Into the Minds of Babes: How Screen Time Affects Children From Birth to Age Fiveby Lisa Guernsey
As a mother, Lisa Guernsey wondered about the influence of television on her two young daughters. As a reporter, she resolved to find out. What she first encountered was tired advice, sensationalized research claims, and a rather draconian mandate from the American Academy of Pediatrics: no TV at all before the age of two. But like many parents, she wanted
As a mother, Lisa Guernsey wondered about the influence of television on her two young daughters. As a reporter, she resolved to find out. What she first encountered was tired advice, sensationalized research claims, and a rather draconian mandate from the American Academy of Pediatrics: no TV at all before the age of two. But like many parents, she wanted straight answers and realistic advice, so she kept digging: she visited infant-perception labs and child development centers around the country. She interviewed scores of parents, psychologists, cognitive scientists, and media researchers, as well as programming executives at Noggin, Disney, Nickelodeon, Sesame Workshop, and PBS. Much of what she found flies in the face of conventional wisdom and led her to conclude that new parents will be best served by focusing on “the three C’s”: content, context, and the individual child.
Advocating a new approach to television and DVDs, Guernsey focuses on infants to five-year-olds and goes beyond the headlines to explore what exactly is “educational” about educational media. She examines how play and language development are affected by background and foreground television and how to choose videos that are age-appropriate. She explains how to avoid the hype of “brain stimulation” and focus instead on social relationships and the building blocks of language and literacy. Along the way, Guernsey highlights independent research on shows ranging from Dora the Explorer to Dragon Tales, and distills some surprising new findings in the field of child development. Into the Minds of Babes is a fascinating book that points out how little credible research exists to support the AAP’s dire recommendation. Parents, teachers, and psychologists will be relieved to learn positive approaches to using videos with young children and will be empowered to make their own informed choices.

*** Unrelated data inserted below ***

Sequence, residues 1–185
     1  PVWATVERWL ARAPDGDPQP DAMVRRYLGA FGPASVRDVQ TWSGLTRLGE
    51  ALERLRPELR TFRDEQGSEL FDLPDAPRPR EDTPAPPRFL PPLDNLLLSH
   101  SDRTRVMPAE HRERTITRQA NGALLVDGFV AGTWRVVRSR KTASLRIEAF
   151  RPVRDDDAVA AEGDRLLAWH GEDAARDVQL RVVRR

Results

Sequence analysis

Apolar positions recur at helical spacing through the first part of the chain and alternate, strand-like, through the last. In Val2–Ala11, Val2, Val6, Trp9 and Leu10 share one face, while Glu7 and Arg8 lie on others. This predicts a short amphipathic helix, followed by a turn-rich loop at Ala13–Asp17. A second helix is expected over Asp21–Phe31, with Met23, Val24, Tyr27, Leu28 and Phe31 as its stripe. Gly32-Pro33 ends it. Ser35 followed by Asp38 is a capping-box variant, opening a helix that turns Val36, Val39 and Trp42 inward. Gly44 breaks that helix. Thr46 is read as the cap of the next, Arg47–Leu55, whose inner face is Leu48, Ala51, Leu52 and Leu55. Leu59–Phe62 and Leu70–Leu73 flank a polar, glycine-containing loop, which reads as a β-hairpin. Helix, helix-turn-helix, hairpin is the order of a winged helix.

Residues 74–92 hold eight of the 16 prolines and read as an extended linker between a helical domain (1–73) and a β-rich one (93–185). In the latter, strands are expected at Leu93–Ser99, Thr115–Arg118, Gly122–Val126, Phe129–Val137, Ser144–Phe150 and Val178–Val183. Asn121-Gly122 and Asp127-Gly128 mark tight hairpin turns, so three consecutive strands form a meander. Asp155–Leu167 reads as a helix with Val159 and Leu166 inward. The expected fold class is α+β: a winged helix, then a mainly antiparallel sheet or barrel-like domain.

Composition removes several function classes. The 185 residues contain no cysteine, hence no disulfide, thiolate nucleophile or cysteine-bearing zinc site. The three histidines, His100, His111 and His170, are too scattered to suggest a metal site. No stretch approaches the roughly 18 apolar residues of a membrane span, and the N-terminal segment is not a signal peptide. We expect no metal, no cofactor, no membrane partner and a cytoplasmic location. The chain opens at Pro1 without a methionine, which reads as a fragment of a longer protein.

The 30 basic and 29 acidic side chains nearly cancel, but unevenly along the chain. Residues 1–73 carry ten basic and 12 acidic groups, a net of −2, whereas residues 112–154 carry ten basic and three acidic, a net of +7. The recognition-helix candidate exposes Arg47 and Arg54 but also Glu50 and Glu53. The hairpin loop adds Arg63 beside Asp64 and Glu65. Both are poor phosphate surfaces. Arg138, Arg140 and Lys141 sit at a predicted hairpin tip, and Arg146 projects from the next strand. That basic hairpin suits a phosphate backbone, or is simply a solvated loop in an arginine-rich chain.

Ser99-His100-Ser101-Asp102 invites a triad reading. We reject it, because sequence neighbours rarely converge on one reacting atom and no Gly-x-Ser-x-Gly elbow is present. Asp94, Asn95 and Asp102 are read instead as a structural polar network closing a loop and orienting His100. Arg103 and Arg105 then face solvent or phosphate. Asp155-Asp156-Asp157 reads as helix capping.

A science journalist and mother of two, Guernsey manages to extricate straightforward information and guidelines from the morass of research, articles and debates on screen media and child brain development. Easily digestible chapters are smartly structured around 12 pervasive concerns of interviewees from all walks of life. Guernsey explains how parents can shrewdly navigate a TV, DVD and video game market that has only begun developing its potential, much like the minds of the children it targets. Wisely sticking to manageable and legitimate solutions suitable for parents who don't see abstention as an option, Guernsey encourages parents to balance TV-watching with creative play and parent-child bonding time. The "three Cs" approach-considering content, context and child when making decisions about media-watching-is easily understood and adaptable to any family situation. (Sept.)Copyright 2007 Reed Business Information
- Basic Books
- Publication date:
- Product dimensions:
- 6.13(w) x 9.25(h) x 0.69(d)
- Age Range:
- 13 - 18 Years
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Meet the Author
Lisa Guernsey is an education, science, and technology writer who has contributed to the New York Times, the Washington Post, and the Chronicle of Higher Education. A former reporter on technology and education for the New York Times, she lives in Alexandria, Virginia, with her husband and two children.
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